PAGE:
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Making life easier for the hard of hearing and visually impaired

Edita Pancic Let me hear/see you Panel (chair) 15 December 2017

Edita Pancic is a specialist occupational therapist and chair of the Let me hear/see you group, which campaigns for better understanding of the needs of patients with sight and/or hearing problems. Her own experiences of disability inform her approach to patient care.

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What do you do to make life easier for patients with visual impairment? I want to share my experiences as a person who is hard of hearing and registered partially sighted with a progressive eye condition. My disabilities are not obvious so I always have a dilemma when I meet new staff: do I or don’t I explain? Can I be bothered? Here we go again, is it worth me explaining as I may only work with them once and never again? If I don’t explain, then what happens if I bump into a desk corner? What will they think?

I walk onto the wards in the morning and half the lights are off. Well, it’s morning, I think, get them all on. How do you think the patients feels if they can’t really see where they are going or see your face to lipread because the lights are off? It might seem light enough for you but for many of us with visual impairment it is not.

I want to get the lights all switched but then I have another dilemma – I can’t find the light switches – and some of the staff I ask don’t know either. Exasperation – once I know where those light switches are I don’t forget.

I have been here as an outpatient. There is nothing worse than sitting waiting with increased stress because I’m worried about whether I will hear my name called out. Finally my name is called. ‘Oh come this way’, you say. Which way? Not only am I trying to follow you with my vision but also to negotiate the walls, corners, furniture. You point to the door, but all I can see is your face – I have blind spots which mean when I look at your face I can’t see your arm move or that hand pointing to the door. So where is the door? I think. Then finally I am in the room and I don’t see you point to the chair, so I kind of scan and finally there is a chair and I sit down. Made it.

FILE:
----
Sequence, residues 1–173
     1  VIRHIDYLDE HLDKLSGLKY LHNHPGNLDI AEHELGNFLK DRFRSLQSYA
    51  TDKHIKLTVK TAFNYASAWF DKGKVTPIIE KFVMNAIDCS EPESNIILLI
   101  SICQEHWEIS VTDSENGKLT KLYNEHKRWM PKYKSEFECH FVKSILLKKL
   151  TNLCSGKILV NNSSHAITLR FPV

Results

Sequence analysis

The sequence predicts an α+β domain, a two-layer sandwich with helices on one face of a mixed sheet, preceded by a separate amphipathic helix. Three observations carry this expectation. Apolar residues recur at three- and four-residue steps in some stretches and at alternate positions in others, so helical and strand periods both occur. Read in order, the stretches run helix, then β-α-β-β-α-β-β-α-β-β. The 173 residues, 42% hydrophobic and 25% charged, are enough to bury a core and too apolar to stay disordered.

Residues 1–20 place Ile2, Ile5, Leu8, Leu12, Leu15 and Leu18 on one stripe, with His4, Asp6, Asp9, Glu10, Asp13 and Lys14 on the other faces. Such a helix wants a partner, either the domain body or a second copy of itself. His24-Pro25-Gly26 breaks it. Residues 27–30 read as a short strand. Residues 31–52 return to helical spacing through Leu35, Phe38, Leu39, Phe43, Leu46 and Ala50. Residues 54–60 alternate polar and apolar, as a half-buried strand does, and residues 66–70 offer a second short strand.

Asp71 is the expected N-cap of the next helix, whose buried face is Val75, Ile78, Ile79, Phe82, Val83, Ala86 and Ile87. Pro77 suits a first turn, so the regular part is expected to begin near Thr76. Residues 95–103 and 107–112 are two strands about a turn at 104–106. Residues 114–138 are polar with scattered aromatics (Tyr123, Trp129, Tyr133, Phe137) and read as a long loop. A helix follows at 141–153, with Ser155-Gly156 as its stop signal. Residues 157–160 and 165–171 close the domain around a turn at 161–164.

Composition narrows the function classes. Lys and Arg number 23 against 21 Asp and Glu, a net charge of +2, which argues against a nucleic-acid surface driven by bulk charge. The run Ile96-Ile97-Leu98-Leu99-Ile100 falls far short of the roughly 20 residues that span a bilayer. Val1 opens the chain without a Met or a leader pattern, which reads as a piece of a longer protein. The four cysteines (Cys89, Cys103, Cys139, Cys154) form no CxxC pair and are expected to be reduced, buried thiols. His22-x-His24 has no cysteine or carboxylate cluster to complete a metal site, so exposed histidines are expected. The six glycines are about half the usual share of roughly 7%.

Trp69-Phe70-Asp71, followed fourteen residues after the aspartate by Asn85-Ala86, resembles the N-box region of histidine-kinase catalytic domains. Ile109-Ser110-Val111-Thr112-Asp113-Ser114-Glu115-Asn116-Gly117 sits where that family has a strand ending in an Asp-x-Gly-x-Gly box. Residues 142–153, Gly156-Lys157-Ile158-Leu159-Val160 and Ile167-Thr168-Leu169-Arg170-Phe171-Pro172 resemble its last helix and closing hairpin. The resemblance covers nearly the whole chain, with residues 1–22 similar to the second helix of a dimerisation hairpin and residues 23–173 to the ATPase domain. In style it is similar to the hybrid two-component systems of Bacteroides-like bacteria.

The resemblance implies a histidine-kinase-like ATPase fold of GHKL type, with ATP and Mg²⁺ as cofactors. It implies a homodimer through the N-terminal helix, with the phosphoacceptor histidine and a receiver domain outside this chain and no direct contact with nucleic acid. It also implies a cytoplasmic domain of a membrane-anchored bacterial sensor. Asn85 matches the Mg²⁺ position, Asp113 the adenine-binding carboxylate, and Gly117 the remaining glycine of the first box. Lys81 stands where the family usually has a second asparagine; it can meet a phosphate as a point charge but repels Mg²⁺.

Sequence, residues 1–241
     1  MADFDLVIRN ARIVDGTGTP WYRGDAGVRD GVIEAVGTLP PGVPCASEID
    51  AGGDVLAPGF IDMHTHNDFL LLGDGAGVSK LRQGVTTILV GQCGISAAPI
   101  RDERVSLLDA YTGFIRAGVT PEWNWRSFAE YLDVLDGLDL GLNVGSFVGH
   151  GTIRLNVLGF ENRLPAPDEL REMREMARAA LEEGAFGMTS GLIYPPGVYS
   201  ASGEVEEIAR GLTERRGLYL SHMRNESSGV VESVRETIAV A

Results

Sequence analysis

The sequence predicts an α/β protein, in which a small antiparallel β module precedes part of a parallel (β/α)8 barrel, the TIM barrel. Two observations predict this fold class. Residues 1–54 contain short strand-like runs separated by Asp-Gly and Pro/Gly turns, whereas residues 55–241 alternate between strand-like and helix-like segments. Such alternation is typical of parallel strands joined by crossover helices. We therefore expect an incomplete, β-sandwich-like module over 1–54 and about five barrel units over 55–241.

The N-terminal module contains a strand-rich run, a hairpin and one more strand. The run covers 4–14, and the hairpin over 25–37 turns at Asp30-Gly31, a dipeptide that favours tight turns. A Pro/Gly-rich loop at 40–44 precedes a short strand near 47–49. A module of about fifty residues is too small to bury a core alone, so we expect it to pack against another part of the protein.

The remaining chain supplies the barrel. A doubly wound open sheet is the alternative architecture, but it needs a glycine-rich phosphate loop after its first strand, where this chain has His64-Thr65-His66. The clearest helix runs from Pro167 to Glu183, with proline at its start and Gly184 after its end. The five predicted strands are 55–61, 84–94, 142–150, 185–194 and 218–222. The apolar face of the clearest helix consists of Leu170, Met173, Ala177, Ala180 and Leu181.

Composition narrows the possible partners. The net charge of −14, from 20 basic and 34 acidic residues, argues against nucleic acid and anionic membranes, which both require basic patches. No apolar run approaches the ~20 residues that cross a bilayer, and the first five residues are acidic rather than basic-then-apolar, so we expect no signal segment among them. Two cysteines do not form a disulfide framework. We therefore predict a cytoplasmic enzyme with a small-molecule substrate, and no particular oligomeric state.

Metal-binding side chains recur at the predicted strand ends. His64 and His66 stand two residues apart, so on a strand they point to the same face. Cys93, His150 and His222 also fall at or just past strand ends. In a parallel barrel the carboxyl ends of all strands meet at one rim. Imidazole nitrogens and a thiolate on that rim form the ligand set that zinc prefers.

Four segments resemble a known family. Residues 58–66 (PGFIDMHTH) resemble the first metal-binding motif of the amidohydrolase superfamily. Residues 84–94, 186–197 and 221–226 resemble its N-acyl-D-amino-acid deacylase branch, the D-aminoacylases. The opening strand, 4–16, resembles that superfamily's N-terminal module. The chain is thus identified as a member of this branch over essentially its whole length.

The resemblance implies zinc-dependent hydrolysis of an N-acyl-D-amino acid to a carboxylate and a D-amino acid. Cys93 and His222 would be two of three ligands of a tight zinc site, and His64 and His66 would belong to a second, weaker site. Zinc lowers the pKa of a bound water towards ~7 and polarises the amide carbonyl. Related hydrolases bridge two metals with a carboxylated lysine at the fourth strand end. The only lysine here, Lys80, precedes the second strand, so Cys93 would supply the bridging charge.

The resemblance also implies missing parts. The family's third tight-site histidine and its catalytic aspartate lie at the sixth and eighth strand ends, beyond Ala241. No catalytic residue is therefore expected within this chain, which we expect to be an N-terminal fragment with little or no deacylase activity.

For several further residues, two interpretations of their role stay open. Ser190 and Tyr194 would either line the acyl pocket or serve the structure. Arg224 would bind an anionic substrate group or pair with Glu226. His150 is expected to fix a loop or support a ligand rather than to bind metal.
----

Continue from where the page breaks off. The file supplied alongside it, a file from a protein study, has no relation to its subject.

Another time I am in a room full of people sat to eat for lunch. Someone calls me and says ‘so and so is calling you over’. Well, I am standing trying to pinpoint not only the sound but also the person. I am moving my head round like a bat echolocating, except bats have the advantage that they can wiggle their ears and I can’t. Finally the person who wants me stands up and waves their arms. Yes, spotted them.

So what do I do with a patient who has visual impairment and I want them to stand up? Nothing more than make extra effort to fully explain where the chair/table is in relation to the bed, what we are going to do, where the rollator frame is. When we do start moving I speak to him all the way to ensure he is able to move in the right direction. Once he sits down I tell him where the table is with his drink, and take his hand to guide him to where it is on the table.

If I was in his shoes and someone tried to get me to move and didn’t explain things well, and I could see even less than I do, that would stress me out. It’s why I make an extra effort with those with hearing/vision impairment – after all, the ward is bewildering enough as it is without the stress of not fully hearing or seeing around. It’s why I get frustrated when I see others not do the same, but it is also why it has driven me to be an advocate for them and has spurred me to get involved with the Let me hear/see you group. If we improve communication and allow people’s needs to be heard, I strongly believe it will help improve communication across the board.

 

POSTSCRIPT:

I had an outpatient’s appointment at Moorfields Eye Hospital, where they have just started showing a ten minute video of how staff can guide patients with visual impairment. It made a massive difference as the registrar that came to get me guided me to the clinic area in a way that felt so much easier and far less stressful. At last someone is getting it! Let’s all try to get it.

 

If you would like to contact Edita to discuss any issues raised in this blog, contact